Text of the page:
How secret are Secret Questions and Answers?

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When creating an account for almost any online service you are prompted to enter your desired username, password and often provide an answer to a secret question; usually for use in password recovery. How secure is this system?


Mother’s maiden name? Where were you born? Name of your first pet? We’re sure that everyone is familiar with this kind of question.

Google have endeavoured to analyse how secure and affective the Secret Question/Secret Answer system is, specifically when deployed on their services.

Their findings are quite interesting, if not particularly surprising frankly, you can read the full report here.


Q&A


The problem is Facebook. Not the service itself but the information that folks put all over it and not specifically Facebook but any social network really.

A Facebook profile is a potential treasure trove of information, particularly if your privacy settings aren’t up to snuff.

Your DOB, significant others name and DOB, where you live, where you have lived, your relations and subsequently their DOBs, addresses, maiden names, etc.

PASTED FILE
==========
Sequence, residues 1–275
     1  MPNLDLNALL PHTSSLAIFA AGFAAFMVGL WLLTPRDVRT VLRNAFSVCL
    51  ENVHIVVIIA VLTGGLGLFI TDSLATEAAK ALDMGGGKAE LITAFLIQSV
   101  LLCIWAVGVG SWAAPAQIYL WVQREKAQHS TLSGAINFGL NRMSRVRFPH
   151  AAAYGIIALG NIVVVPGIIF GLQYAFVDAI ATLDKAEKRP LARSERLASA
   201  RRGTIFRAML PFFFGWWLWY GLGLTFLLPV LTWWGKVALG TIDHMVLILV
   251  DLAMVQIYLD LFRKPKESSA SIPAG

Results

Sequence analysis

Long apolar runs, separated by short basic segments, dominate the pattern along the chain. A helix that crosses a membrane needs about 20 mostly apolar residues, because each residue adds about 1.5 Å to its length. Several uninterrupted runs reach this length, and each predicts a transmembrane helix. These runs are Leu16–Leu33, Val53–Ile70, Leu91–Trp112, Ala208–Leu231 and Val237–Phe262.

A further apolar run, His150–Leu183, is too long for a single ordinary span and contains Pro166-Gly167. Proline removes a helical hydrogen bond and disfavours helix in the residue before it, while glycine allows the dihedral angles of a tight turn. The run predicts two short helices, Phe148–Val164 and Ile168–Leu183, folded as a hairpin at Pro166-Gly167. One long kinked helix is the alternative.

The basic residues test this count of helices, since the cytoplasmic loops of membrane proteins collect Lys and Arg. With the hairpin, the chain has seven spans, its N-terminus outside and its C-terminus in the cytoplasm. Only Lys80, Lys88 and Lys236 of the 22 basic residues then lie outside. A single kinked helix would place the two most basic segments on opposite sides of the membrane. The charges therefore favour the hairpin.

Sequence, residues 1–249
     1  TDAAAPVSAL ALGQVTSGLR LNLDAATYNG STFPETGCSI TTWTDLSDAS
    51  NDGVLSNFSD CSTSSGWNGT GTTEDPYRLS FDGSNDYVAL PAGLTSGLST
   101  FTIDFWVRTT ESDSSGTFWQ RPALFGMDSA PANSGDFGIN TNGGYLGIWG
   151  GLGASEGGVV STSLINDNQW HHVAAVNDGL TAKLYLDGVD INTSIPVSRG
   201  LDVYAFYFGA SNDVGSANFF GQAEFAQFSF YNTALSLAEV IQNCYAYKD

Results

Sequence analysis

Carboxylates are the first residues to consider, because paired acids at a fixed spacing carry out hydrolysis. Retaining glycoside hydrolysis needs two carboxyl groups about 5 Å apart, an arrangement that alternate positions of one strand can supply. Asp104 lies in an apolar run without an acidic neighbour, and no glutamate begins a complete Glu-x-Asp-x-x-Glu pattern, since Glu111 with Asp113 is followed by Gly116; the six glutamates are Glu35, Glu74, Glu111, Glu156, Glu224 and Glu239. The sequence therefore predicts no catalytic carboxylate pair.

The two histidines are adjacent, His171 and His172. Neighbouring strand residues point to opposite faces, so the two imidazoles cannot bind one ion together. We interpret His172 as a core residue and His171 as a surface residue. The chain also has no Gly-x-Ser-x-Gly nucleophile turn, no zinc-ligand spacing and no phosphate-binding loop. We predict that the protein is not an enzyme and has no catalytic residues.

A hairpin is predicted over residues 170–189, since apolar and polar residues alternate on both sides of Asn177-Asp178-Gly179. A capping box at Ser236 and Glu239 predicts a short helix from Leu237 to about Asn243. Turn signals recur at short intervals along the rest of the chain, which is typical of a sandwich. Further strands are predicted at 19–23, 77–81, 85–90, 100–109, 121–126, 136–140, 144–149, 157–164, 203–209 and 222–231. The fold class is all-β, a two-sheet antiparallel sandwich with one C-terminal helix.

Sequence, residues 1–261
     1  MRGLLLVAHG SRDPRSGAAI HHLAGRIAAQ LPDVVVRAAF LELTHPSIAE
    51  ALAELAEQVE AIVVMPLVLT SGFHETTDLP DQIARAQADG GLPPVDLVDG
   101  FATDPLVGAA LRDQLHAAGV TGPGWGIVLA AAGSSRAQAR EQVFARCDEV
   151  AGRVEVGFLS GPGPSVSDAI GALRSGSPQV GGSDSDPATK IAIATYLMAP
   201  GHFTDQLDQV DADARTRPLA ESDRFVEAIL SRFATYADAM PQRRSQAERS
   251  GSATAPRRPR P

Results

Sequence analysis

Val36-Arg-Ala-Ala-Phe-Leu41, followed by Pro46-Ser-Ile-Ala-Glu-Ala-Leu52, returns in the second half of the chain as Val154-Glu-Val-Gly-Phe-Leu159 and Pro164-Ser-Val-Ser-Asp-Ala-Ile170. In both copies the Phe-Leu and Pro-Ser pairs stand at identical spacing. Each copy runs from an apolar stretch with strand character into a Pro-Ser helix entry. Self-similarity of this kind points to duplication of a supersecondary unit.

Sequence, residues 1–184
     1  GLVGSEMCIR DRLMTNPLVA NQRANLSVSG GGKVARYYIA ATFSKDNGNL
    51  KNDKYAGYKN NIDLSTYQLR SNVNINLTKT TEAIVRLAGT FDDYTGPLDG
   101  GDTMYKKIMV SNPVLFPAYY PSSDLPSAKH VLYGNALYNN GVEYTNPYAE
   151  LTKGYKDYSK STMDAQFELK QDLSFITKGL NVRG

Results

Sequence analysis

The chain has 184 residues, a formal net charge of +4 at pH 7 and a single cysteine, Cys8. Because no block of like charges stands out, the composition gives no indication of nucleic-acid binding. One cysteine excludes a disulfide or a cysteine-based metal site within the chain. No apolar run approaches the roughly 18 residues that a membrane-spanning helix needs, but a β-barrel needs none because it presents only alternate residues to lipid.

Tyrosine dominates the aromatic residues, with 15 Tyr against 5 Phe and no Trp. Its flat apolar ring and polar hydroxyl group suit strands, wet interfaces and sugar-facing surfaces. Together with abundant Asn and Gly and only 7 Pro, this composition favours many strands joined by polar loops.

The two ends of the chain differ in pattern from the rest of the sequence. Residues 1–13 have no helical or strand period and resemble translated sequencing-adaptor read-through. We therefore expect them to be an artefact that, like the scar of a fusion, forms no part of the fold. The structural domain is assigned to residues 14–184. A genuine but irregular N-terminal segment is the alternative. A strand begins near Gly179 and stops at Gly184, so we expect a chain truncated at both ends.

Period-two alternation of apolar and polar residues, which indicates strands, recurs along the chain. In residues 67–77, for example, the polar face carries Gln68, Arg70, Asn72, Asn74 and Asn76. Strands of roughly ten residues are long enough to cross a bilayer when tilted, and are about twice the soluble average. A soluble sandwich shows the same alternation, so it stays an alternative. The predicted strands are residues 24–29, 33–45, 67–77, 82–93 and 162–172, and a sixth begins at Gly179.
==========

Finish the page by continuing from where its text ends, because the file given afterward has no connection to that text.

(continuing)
Not only is it a treasure trove but, as you might have noticed, it contains the answers to a great many of the standard cookie cutter ‘Secret Questions’.

As a slightly tangential point: all those ‘fun’ Facebook quizzes that ask you for your mother’s maiden name, first pets name and road you grew up on and spit out your hero name or whatever? We’re not saying they could be harvesting that information but maybe think twice. Or just lie!

Just lying isn’t necessarily a bad idea, so long as you have a system that is both easy to remember and secure, otherwise you risk falling into the trap of not knowing your Secret Answer when you need it.


Strong Secret Answers


Luckily Mark James, ESET security specialist, is on hand to give us some advice on how to develop strong, memorable and secure Secret Answers.

“As with any password or secret questions we need to be able to remember them, a lot of places use the same questions so having a formula to enable you to remember them is a good idea.

“Secret question answers are the easiest to work out in theory because the bad guys may already have a hint or clue on what it is going to be but that does not mean you need to make it easy for them.

“Remember that a simple formula for you is not a simple one for them, take your answer and wrap it in an easy to remember code.

“A very simple one could be your mothers first and last letter of their name, so if the question is “what is your favourite colour” and your answer in pink, if you mothers name is “Sarah” then your answer would be spinkh, simple for you to remember but not easily guessed.”

Alternatively, and as Google and Mark suggest, companies and users could make use of one-time-passwords or text alerts when resetting or recovering a password or username.

“OTP or one time passwords are a good general way of validating you are who you say you are, of course it’s not fool proof but it’s a lot better than just sending an email.”


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Have you ever forgotten a Secret Answer? Do you make use of OPTs or text alerts?